It's not all Fargo Oscars and No Country for Old Men box-office glory for the filmmaking Coen brothers. Sometimes they stumble and give us a bad movie that's deliriously watchable, a Big Lebowski. Sometimes they drop a challenging, worthwhile film that you won't ever want to watch again (Barton Fink).
A Serious Man teeters closer to the latter than the former. This, their "'60s movie" the way No Country was their '80s movie and O Brother Where Art Thou? was their '30s picture, is a cryptic Minnesota-Jewish riff on the biblical Book of Job. Their most inside joke ever, it leaves you with a lot to chew on, if not a lot to enjoy.
Larry Gopnik (Michael Stuhlbarg doing a decent, damp slow burn) is a physics professor hoping only for tenure at his suburban Minneapolis college and for his foul-mouthed pothead son (Aaron Wolf) not to shame him by botching his bar mitzvah.
It's not looking good. The boy listens to Jefferson Airplane on his transistor radio in Hebrew school and gripes incessantly that the poor TV reception ruins F-Troop for him at home. A combative Korean student of Larry's accuses him of giving an "unjust" test and starts to make trouble. A Gentile but not gentle neighbor with a thing for hunting and encroaching on their shared property line is testing Larry. His insufferable, aimless brother Arthur (Richard Kind) is visiting and hogging the bathroom with his incessant cyst-draining.
Then Larry's wife (Sarai Lennick) drops the bomb. She's fallen for a passive-aggressive widower in their synagogue (Fred Melamed) and wants a "get," a "ritual divorce." The other man, Sy, pleasantly insists that they all be "adult" about this. Larry, mensch that he is, just goes along.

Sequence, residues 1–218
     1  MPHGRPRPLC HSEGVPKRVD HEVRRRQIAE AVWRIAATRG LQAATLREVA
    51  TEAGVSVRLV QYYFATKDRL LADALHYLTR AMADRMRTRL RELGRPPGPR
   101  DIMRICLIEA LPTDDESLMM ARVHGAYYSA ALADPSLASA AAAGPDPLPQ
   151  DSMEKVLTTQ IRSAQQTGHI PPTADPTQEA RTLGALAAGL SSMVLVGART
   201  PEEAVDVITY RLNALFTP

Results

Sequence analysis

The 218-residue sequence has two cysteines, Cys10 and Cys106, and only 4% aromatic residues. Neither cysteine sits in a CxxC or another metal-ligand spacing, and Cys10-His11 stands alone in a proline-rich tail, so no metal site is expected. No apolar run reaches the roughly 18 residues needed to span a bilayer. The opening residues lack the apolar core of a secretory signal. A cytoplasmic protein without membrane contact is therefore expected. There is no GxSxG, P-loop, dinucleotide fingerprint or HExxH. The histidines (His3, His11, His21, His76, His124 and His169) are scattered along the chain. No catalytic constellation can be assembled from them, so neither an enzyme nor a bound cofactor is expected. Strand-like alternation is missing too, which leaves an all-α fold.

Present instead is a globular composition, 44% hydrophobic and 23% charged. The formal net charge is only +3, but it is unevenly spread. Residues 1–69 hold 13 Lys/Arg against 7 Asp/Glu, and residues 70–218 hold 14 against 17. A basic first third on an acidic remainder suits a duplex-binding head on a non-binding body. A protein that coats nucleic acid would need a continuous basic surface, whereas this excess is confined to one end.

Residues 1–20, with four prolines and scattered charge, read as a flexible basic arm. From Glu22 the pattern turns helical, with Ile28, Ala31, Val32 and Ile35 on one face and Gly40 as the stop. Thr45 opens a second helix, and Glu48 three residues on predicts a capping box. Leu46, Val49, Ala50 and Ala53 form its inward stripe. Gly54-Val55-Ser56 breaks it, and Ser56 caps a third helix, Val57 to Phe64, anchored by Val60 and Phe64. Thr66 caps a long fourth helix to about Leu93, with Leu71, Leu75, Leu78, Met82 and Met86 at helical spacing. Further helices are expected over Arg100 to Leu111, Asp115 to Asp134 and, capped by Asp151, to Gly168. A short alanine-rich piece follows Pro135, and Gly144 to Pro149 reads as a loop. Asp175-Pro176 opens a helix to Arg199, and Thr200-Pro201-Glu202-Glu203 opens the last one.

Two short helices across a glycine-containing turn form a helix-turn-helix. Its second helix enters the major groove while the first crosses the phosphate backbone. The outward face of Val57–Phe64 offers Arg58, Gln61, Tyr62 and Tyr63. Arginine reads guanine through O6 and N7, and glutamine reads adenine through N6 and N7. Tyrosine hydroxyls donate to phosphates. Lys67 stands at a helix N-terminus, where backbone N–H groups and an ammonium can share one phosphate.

With each new body blow we wince for Larry, hope he'll grow some spine and either find comfort through his faith, like Job, or renounce it and stick up for himself. We puzzle over the afterthought female characters and scratch our chins at how Arthur fits into all this.
"All this" follows a Yiddish prologue in the Old Country (Poland) at the end of the 19th century, a poor couple's encounter with an evil spirit — a dybbuk. Is that what Larry is facing, evil? Would he cope better if he were a more pious Jew? Does the rabbi's parable of "The Goy Teeth" advance the story or clarify anything?
Hebrew words and phrases pepper the inane advice of the rabbis and Sy's pushy, pious hypocrisy.
Whatever the Coens are working out about their own Minnesota childhood and relationship with their faith, they come nowhere near resolving it. The sense of a closed, tribal world of ceremony, tradition and ritual joins to a period-perfect, knotty pine-paneled design. But this is the movie equivalent of the old Jewish joke: "Why does a Jew answer a question with a question?" "Why not?"
What's clear is how this fits within that long, spotty track record of the Coens, exactly the sort of film they release after some dazzling success. Sometimes, Serious or not, they don't quite deliver.